In these cases, “if you have even the slightest doubt, it’s better not to let them enter,” Francis said, according to Vatican Insider, because these acts or deep-seated tendencies can lead to scandals and can compromise the life of the seminary, as well as the man himself and his future priesthood.
Pope Francis’ comments were made during the opening May 21 session of the 71st general assembly of the Italian bishops’ conference.
The Pope’s statements on the issue of homosexuality and the seminary reflect the Church’s teaching on the topic.
In the 2016 edition of the Congregation for Clergy’s ratio on priestly formation, the dicastery had written that, “in relation to people with homosexual tendencies who approach seminaries, or who discover this situation in the course of formation, in coherence with her own magisterium, ‘the Church, while profoundly respecting the persons in question, cannot admit to the seminary or to holy orders those who practice homosexuality, present deep-seated homosexual tendencies or support the so-called ‘gay culture.’”
And then there’s the bold and True teaching of Bishop Morlino of Madison, WI…. In an Aug. 18 pastoral letter, the bishop of Madison also called Catholics to join him in offering acts of reparation for the sins of sexual immorality among Catholic deacons, priests and bishops.
Bishop Robert Morlino
Catholic News Agency
MADISON, Wis. — In response to the sex-abuse crises involving disgraced Archbishop Theodore McCarrick and the release of the Pennsylvania grand jury report, Bishop Robert Morlino of Madison, Wisconsin, has said that the Catholic Church must renew its conviction to identify and reject sin and admit that a homosexual culture among some clerics has caused great harm in the Church.
The bishop also called Catholics to join him in offering acts of reparation for the sins of sexual immorality among Catholic deacons, priests and bishops.
“For too long we have diminished the reality of sin — we have refused to call a sin a sin — and we have excused sin in the name of a mistaken notion of mercy. In our efforts to be open to the world, we have become all too willing to abandon the Way, the Truth and the Life. In order to avoid causing offense, we offer to ourselves and to others niceties and human consolation,” wrote Bishop Robert Morlino in a pastoral letter released Aug. 18.
“There must be no room left, no refuge for sin — either within our own lives, or within the lives of our communities. To be a refuge for sinners (which we should be), the Church must be a place where sinners can turn to be reconciled. In this I speak of all sin,” he added.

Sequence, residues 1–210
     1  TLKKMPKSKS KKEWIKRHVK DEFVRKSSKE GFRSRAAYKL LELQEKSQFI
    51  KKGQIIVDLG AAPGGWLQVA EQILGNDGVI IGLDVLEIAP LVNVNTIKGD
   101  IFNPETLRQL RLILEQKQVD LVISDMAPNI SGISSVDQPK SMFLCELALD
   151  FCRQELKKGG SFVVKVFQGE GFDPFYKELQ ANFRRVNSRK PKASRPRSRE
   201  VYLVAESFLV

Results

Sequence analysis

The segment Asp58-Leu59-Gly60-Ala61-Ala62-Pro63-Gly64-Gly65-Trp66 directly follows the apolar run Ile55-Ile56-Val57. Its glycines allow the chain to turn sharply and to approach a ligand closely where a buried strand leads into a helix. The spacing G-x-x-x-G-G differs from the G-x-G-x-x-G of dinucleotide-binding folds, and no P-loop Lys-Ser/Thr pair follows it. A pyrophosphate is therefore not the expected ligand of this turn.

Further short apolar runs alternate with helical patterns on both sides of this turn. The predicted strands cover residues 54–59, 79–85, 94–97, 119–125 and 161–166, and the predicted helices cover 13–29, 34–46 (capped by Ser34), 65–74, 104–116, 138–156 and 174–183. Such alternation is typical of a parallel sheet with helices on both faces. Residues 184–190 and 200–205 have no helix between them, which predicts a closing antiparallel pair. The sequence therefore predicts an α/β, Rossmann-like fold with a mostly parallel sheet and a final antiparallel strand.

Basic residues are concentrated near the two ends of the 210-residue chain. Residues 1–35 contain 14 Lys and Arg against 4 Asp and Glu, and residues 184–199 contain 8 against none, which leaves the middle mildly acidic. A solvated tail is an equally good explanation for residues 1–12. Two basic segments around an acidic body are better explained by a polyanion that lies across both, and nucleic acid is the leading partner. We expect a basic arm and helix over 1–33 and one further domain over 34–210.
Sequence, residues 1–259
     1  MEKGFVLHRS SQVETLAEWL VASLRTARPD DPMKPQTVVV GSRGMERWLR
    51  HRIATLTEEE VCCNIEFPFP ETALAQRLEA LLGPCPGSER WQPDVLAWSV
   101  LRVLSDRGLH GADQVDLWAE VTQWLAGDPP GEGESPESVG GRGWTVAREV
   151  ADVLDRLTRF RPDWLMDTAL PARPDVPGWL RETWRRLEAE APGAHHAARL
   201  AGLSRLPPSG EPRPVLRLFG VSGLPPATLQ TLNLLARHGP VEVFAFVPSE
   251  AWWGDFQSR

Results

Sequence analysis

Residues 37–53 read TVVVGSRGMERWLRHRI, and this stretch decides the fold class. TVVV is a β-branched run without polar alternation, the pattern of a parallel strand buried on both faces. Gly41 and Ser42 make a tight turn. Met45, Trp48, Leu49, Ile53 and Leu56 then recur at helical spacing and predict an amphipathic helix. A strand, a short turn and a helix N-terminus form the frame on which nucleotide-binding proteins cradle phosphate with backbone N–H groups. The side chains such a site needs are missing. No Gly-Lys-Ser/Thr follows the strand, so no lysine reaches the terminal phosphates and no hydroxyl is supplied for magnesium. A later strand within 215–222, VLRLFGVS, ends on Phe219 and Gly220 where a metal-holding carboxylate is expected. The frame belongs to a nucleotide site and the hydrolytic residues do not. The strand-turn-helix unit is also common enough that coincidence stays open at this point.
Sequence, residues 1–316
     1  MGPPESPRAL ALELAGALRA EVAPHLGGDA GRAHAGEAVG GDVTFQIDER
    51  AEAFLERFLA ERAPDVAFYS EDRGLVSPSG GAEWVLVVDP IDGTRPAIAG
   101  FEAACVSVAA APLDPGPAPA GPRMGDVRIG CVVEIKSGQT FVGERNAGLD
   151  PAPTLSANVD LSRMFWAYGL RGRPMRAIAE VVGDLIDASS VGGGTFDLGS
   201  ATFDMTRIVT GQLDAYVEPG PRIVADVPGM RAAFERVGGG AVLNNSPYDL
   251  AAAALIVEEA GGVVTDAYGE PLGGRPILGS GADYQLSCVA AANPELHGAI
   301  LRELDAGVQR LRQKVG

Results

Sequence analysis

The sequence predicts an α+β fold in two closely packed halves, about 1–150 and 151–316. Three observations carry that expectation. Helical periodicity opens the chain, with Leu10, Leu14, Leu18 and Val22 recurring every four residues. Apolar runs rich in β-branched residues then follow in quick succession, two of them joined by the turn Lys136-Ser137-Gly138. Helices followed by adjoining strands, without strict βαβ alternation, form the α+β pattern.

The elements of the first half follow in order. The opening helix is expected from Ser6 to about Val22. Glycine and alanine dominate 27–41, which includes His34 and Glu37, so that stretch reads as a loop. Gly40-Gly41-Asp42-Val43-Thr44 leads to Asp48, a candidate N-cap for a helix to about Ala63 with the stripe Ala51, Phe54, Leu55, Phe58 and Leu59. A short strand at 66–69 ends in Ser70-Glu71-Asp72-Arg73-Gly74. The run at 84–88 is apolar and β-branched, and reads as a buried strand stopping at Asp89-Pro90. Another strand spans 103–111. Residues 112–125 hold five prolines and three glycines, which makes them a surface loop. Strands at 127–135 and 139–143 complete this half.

Bishop Morlino said that he had been sickened by reading the stories of sexual abuse contained in a report on clerical sexual abuse released Aug. 14 by a Pennsylvania grand jury and by allegations against former cardinal Theodore McCarrick, who has been accused of serially sexually abusing two teenage boys and of sexually assaulting and coercing priests and seminarians for several decades.
“But my own sickness at the stories is quickly put into perspective when I recall the fact that many individuals have lived through them for years. For them, these are not stories; they are indeed realities. To them I turn and say, again, I am sorry for what you have suffered and what you continue to suffer in your mind and in your heart,” he wrote. The bishop was particularly candid in his assessment of the cause of those problems: “In the specific situations at hand, we are talking about deviant sexual — almost exclusively homosexual — acts by clerics. We’re also talking about homosexual propositions and abuses against seminarians and young priests by powerful priests, bishops and cardinals. We are talking about acts and actions which are not only in violation of the sacred promises made by some, in short, sacrilege, but also are in violation of the natural moral law for all. To call it anything else would be deceitful and would only ignore the problem further.”
“There has been a great deal of effort to keep separate acts which fall under the category of now-culturally-acceptable acts of homosexuality from the publicly deplorable acts of pedophilia. That is to say, until recently the problems of the Church have been painted purely as problems of pedophilia — this despite clear evidence to the contrary,” he added.